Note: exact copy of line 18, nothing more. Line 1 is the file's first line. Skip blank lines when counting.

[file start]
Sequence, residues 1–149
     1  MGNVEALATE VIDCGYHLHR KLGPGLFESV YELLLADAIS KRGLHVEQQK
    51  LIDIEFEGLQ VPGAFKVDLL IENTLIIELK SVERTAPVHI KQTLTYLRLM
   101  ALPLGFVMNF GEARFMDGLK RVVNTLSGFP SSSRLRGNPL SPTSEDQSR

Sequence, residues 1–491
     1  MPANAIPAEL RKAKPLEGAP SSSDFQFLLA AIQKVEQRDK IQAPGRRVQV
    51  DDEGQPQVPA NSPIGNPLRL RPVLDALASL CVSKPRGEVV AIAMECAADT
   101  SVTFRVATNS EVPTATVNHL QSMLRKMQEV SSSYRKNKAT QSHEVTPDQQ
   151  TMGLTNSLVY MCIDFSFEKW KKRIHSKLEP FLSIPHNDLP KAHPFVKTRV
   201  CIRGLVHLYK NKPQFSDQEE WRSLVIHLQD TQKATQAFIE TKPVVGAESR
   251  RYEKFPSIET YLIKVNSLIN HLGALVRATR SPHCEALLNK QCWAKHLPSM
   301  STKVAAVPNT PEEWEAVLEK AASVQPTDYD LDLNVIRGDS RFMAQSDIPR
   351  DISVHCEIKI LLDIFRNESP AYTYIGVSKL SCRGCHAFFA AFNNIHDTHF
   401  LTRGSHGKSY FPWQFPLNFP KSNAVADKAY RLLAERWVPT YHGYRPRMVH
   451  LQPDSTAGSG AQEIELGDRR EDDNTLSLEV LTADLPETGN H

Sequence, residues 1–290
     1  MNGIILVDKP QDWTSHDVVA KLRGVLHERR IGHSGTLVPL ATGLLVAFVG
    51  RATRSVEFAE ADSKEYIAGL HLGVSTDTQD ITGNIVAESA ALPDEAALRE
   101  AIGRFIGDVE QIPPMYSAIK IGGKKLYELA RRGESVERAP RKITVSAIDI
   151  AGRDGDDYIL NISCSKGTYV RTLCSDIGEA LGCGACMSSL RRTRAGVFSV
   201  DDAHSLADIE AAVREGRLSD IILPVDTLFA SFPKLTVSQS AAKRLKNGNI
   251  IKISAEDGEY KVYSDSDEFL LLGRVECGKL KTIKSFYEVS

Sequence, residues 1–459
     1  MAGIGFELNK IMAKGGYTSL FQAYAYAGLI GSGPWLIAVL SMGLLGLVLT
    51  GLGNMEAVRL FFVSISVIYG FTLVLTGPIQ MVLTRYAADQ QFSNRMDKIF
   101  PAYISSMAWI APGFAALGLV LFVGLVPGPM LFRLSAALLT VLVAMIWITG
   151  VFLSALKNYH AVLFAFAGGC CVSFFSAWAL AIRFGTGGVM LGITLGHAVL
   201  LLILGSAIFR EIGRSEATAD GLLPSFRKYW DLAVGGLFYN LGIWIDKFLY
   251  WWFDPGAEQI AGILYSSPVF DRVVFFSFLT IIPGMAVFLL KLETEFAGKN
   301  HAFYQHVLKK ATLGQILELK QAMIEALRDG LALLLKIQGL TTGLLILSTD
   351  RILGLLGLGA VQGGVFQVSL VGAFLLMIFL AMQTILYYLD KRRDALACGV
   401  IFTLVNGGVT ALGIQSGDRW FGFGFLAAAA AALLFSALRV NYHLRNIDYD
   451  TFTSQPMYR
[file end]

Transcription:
    51  RATRSVEFAE ADSKEYIAGL HLGVSTDTQD ITGNIVAESA ALPDEAALRE